KATHY: And Kathy! With a special mini-episode of the show.
KATHY: So a couple weeks ago, we had a story about a lovely guy named Joe who really wanted to make new queer friends.
TOBIN: And I helped him find a new group.
KATHY: A gaggle, as it were.
TOBIN: But then we were like, a lot of us want to make new friends, why not make this a thing?
TOBIN: So we created this project called, "How to Get a Gaggle." You sign up, we send you a month of coaching, advice, challenges.
KATHY: And almost immediately our inbox was overflowing with messages from people all over the U.S.
TOBIN: Everywhere, Georgia, Missouri, Texas.
KATHY: Actually, all over the world!
TOBIN: Hmhmm. Australia, Germany, Taiwan.
KATHY: We've heard from hundreds of lovely, lovely people.
TOBIN: The loveliest people.
KATHY: And we couldn't wait to share some more of their stories.
TOBIN: So here we go.
VOX 1: I'm just interested in finding people who I can talk to about things that I'm experiencing without having to explain first that yes I'm experiencing them and you know, yes my experiences are real.
VOX 2: I noticed that especially two or three years ago with the Supreme Court decision about gay marriage, and people asking what do you think about that but inherent with that was like, I'm the gay spokesperson. I think with having LGBT friends, I don't think that would be there. And not having to kind of explain that, like okay this is just my opinion, we don't all meet once a month and like decide our opinion about things. That's not how it works. Or if it does work, they don't invite me to those meetings so I'm not aware of that.
VOX 3: Well I was really interested in the episode because it's something that I've been struggling with ever since I came out. I was raised one of Jehovah's Witnesses. Once I came out, I had no foundation in the outside world. So learning skills on how to meet with other queer people or just people that you can connect with, that was difficult. It still is difficult.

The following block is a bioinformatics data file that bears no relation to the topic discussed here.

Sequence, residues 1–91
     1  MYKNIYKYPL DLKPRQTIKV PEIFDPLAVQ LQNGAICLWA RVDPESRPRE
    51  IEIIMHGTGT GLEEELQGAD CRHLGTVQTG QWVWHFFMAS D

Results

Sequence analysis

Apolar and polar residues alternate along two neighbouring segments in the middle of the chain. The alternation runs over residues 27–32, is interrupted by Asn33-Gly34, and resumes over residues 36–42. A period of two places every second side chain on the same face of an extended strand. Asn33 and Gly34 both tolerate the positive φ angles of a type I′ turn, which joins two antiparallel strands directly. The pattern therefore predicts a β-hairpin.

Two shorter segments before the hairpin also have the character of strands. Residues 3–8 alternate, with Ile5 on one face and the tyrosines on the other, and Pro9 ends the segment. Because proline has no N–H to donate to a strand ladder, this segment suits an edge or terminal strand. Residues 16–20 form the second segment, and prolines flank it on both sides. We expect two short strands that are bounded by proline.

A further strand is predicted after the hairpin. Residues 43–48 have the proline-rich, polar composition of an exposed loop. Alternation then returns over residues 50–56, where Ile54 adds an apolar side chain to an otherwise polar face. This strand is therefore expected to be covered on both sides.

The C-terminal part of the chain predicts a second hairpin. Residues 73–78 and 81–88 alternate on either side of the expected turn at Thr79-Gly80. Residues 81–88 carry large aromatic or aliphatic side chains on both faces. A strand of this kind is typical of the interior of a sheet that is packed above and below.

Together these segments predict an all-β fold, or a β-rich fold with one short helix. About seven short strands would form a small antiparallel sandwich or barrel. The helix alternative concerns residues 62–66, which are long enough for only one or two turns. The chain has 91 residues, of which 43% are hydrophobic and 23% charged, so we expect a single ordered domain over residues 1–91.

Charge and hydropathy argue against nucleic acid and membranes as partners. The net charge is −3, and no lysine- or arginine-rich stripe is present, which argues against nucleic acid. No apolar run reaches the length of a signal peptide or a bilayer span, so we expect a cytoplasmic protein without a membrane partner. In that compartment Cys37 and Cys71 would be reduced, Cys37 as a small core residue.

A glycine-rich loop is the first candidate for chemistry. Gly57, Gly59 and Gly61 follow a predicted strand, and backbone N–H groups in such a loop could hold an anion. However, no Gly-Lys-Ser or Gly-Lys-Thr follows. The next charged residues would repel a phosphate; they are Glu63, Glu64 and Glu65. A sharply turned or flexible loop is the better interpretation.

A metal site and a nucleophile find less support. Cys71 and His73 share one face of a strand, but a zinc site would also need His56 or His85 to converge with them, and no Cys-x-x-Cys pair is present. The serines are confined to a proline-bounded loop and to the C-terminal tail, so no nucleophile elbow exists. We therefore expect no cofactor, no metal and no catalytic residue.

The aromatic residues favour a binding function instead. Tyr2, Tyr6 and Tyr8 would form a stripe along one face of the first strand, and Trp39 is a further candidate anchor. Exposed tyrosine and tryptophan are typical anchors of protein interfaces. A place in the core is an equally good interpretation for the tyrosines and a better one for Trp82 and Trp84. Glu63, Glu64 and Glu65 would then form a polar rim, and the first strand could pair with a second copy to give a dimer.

VOX 4: I think it's probably harder for us in China to find our own gaggles because of, take my school for example. I tried to put up posters to find queer friends, but my school was not happy about it because they didn't want LGBT related posters around on campus. So that's just like, the everyday struggle of my life.
VOX 5: I sort of came out a few years ago, but I don't have a gaggle. And even though I live in San Francisco, which is a great town, and I have some queer friends and I have some trans friends, none of them are moms. So I'm missing that. I'm sure there are other queer moms in San Francisco, I just don't know where they are. They're probably home with their kids.
VOX 6: I live in a town that is really well known for being super queer friendly. If you look on Wikipedia, it's known as Lesbianville. It is strange to me, I moved up here thinking, "Oh my God, I'm going to find a gaggle, I'm going to find a group." And I've been up here for a few years and it has just never really materialized.
VOX 7: I feel like a lot of people want the same things as me, to be able to have a group of queer friends, but they might be a little quiet about it. So if I can be the one person that makes them more comfortable, and they'll want to be friends, then I'll be that person.
TOBIN: Nancy listeners, it's time for you to join us.
KATHY: Sign up at nancypodcast.org/friends.
TOBIN: We'll be sharing more stories about friendship in the weeks ahead and we'll have a brand new full episode of the show this weekend. We had production help this week from Laine Kaplan-Levenson and Ania Grzesik.